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Artisans of Michigan: A software engineer now engineers cabinetry

Credit Lester Graham / Michigan Radio
Michigan Radio
David Zaret in his wood shop.

David Zaret builds cabinetry for kitchens, but he started out as a software engineer.

“It got to the point where I just couldn’t stare at a screen anymore after 20 some years of doing it. And though I still engineering software and I’m still involved in it, day by day I have to do a physical build rather than a virtual build,” Zaret explained.

When he says physical, he really means it.

“The best days are those when I am exhausted, sore, bleeding, and disgustingly dirty. And those days are the best.”


“Well, it’s just, you know, the exercise of putting your hands on something natural and something tangible which is kind of unlike what I’m used to in software with my previous career. And going from a tangible, beautiful material into something useful and beautiful and functional in the home is what I live for. I love it.”

This all started years ago when he bought a century old two-story grey stone in Chicago.

“There was beautiful oak trim done by the craftsmen back in the late 1800s. And there was this built-in in a nook in the first floor. In the second floor where I lived –and I renovated the entire place- but in the second floor in the ‘50s there had been a fire and it burned out all the trim and that built-in,” he said.

Looking at the unit downstairs and knowing what the second floor could look like, he just kept thinking: one day I’m going to replicate that built-in cabinetry that’s supposed to be there.

Credit Lester Graham / Michigan Radio
Michigan Radio
You don't see the stove or refrigerator in Zaret's kitchen.

“It took me the better part of a decade to get my confidence level up, to get my tooling up. I didn’t have any training woodworking at all. I didn’t have relatives in the trade or anything like that. It was a lot of reading, a lot of experimenting, and, frankly, a lot of it is overcoming lack of self-confidence early on,” he said.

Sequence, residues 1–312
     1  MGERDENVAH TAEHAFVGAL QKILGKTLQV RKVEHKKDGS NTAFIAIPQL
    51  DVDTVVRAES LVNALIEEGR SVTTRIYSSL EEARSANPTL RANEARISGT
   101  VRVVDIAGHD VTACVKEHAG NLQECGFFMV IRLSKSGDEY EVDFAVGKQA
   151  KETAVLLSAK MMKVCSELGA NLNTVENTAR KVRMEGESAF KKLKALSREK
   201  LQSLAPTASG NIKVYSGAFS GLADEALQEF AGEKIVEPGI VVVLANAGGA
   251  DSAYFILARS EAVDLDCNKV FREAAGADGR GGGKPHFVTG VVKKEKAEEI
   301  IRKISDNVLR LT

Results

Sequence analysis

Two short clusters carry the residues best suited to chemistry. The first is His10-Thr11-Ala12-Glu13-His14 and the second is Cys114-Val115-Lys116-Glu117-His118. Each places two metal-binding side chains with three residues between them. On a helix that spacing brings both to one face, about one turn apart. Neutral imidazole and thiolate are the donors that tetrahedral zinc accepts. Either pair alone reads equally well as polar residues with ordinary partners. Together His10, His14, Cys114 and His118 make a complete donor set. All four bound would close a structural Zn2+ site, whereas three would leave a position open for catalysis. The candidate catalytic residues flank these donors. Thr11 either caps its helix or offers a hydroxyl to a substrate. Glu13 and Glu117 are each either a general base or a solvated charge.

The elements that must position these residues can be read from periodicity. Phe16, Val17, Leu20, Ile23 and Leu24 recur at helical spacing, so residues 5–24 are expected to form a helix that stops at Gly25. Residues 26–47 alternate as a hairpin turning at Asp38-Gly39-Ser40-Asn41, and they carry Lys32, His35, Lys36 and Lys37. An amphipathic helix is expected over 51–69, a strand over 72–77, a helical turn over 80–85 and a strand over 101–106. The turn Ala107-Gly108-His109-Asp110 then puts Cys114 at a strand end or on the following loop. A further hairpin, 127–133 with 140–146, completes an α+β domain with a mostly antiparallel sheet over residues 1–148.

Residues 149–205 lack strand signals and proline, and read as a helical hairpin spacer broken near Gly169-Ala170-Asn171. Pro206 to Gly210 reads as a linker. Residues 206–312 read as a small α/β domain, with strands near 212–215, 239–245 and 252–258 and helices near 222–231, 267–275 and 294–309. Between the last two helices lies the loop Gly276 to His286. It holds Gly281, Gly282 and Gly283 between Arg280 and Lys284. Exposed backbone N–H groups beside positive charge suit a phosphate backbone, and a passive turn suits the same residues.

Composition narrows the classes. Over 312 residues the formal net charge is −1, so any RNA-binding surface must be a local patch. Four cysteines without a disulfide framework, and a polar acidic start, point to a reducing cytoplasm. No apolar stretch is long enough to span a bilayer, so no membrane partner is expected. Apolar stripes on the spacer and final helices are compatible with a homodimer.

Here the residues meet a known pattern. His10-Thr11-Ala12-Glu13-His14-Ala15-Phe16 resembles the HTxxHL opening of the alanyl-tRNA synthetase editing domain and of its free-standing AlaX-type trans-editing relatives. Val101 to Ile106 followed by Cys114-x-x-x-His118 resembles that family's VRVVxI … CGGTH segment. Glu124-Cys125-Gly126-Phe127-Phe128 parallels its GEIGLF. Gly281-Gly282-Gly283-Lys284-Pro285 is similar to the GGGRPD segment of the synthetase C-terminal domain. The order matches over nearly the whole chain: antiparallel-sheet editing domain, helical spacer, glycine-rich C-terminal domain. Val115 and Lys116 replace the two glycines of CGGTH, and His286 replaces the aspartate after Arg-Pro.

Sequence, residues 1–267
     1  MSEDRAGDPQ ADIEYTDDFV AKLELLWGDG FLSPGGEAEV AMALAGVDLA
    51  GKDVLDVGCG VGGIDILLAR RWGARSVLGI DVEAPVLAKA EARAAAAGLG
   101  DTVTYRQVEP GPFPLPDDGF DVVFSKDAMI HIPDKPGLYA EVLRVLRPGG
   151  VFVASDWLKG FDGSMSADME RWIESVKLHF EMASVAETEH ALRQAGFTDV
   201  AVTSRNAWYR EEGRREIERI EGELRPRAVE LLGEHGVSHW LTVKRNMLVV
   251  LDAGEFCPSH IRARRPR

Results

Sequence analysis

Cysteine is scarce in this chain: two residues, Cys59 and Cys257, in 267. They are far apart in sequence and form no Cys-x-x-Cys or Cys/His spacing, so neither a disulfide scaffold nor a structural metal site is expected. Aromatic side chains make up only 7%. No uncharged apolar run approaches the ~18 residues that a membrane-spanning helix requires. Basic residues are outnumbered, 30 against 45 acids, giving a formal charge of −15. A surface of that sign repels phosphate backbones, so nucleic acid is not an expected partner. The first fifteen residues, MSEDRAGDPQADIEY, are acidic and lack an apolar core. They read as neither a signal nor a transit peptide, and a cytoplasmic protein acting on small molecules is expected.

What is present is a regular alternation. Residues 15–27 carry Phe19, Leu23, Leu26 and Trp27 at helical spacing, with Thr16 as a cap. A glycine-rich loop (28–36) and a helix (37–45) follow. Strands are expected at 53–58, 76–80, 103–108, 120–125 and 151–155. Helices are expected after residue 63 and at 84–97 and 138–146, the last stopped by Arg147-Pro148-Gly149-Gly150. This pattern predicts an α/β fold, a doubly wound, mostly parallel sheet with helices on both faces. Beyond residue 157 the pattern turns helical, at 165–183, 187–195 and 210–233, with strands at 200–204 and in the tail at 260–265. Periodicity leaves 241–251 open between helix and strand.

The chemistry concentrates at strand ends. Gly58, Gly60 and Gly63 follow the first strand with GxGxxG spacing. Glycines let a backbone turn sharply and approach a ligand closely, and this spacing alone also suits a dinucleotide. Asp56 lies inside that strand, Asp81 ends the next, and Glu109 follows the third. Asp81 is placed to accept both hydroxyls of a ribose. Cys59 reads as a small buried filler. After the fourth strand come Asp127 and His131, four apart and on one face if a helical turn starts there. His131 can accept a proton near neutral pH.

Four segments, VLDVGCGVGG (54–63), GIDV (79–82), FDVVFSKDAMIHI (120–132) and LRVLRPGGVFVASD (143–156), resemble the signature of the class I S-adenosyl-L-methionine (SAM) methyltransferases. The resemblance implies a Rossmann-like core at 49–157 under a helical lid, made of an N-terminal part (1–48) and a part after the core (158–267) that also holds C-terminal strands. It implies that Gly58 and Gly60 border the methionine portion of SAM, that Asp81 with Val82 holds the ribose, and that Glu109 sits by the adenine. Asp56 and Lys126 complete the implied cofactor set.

Since then, he’s done 23 high-end kitchens for friends and family.

He’s got definite ideas about what is beautiful.

First, he prefers the traditional style. He says he’s doesn’t see anything wrong with the Euro-style that’s become popular, but that’s just not his thing.

Second, he really doesn’t think you should see the appliances when they’re not in use. He builds doors that open and slide back to access the oven and stove, you don’t see the refrigerator. What you do see are basically floor to ceiling beautiful wood panels.

Finally, he doesn’t like to waste the hardwoods he uses. Why use a more than absolutely necessary?

“I do a lot of veneering and I buy from a veneer dealer in New York state that specializes in really high-end veneers. But I try to stick to North American hardwoods. We are blessed to have some of the most fantastic trees in the world here or close to us in Canada. And I don’t see any reason to be taking down any rainforests. I just don’t,” he said.

Veneer maximizes the value and the volume of a given tree. Plus, those thin slices from the same tree can be book-ended so that the pattern on one door is reflected in the opposite door. Think: butterfly wings. 

Credit Lester Graham / Michigan Radio
Michigan Radio
Zaret saves the lumber he can for use in his pieces.

Zaret also buys a lot of local urban lumber. When somebody is building, sometimes trees are taken out. He says it’s mortifying when those trees just get put in the chipper.  So he mills it himself or he has it milled.

I asked him a question I ask a lot of artisans: does he see the flaws in his work after it's finished. Like everyone else who answered, he sees the things that no one else would notice. But he doesn’t think about it that much.

“I think it’s the exercise of doing the work more than the end result that drives me. And I think I’ve always been that way. It’s, you know, what tooling do I have to make, what knives do I have to make for the next job? What jigs do I have to make to support the curved 

Credit Lester Graham / Michigan Radio
Michigan Radio
Zaret planing a piece of substrate. He'll adhere high-end veneer to the surface later in the process.

piece for the next job? That’s the stuff that I really like. I think I’m an engineer more than an artist,” Zaret said.

He’s still using his computer skills to design the tools and program certain woodworking equipment. That engineering gene didn’t disappear, it’s just evolved into making cabinetry and casework that is stunning precision work.

“I’ve not found a better combination of engineering and artistry,” he said, smiling.

David Zaret is our latest Artisan of Michigan.

Support for arts and culture coverage comes in part from the Michigan Council for the Arts and Cultural Affairs.

Lester Graham reports for The Environment Report. He has reported on public policy, politics, and issues regarding race and gender inequity. He was previously with The Environment Report at Michigan Public from 1998-2010.
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